Last Wednesday morning was a glorious day for a morning graduation in Berkeley. The Greek Theatre on U.C. Berkeley’s campus was the setting for the Interdisciplinary major department graduation of which Maurice received a B.A. degree in American Studies with an emphasis on Race and American Popular Culture.
Of course our family was delighted and proud to have our loved one graduate from what is known as the best public university in the nation. But my joy was marred momentarily by the fact that I counted less than 20 graduates of African descent out of approximately 500 names on the program. This glaring lack of Black students at Berkeley is a bone of contention that is one of an ongoing discussion among people in my circle. It has been reported that the admission rate of Black students decreases with each incoming class. Those of us who live here in one of the most, if not most progressive, liberal areas in the country, the San Francisco Bay Area, are both appalled and flabbergasted at this atrocity.
Ironically, it was a Black man, and that term is questionable, who as a U.C. regent led the fight against racial and gender preferences in the University of California admissions policy. Proposition 209 was passed about 15 years ago and the admission rates for Blacks continually decrease while increasing for Latinos, Asians and Caucasians. Unfortunately Affirmative Action became a bad word for conservatives resulting in guidelines for admission a mangled set of ridiculous and prohibitive kangaroo court of nonsense criteria.
The Black community, especially here in this area are keenly aware and proactive seeking ways to break down those barriers. In the community college system, counselors diligently work with Black students in the application process for transfer to U.C. Berkeley and other U.C. universities; proactive Black parents strive to prepare their children to follow the U.C. track, and Berkeley Black alumni and professors work closely with Black students in recruitment and retention of our prospective students. But many bright Black students forgo applying to Berkeley, preferring to apply to private colleges or Historically Black colleges who vigorously recruit them and offer attractive packages.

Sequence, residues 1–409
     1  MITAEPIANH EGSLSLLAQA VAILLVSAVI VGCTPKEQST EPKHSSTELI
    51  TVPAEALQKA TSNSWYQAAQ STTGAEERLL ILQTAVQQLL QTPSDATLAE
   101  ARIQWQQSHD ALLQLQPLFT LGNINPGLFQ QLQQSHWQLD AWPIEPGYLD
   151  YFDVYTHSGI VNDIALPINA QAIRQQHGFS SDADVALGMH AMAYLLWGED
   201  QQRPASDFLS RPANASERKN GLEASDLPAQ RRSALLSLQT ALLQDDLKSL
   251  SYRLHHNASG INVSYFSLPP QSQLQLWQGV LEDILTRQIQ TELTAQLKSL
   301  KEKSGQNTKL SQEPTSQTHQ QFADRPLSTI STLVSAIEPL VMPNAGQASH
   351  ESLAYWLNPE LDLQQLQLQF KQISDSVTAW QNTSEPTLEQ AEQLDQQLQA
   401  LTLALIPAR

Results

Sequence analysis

But all in all, this past week was one for celebrating. Friday afternoon, the Black Graduation was held at Zellerbach Hall. There were about 100 students who attended (not all Black students elected to attend this momentous occasion). Of course we hear, why a Black graduation when our ancestors died for integration? That is a topic for another day. I wrote a blog in 2009 that gives some insight to why we have a separate celebration. Why a Black Graduation? U.C. Berkeley’s graduation was beautiful and inspiring memory. African drums, sorority and fraternity chants, and the atmosphere of solidarity made this a momentous occasion. The Black student body is a tight-knit group who support and encourage each other in the four to five years duration of study. As one student speaker said, “You have to fight to get in Berkeley and fight to get out.” So many bright, intelligent young people, who know where they are headed and are making their dreams a reality, my nephew among them. They are forging their futures in a changing world knowing they are privileged to have been admitted and survived to graduate from such a prestigious university to go forward to make their stamp on the world. Terry Bryant, Eco-chef and food justice advocate admonished the students to find a purpose in their passion while pursuing their education and goals. So, that moment of sadness and disappointment was temporary. As Pharrell says in his hit “Happy” which seems to be the theme song this year at graduations, “Ain't gonna let nothing bring me down because I’m Happy.”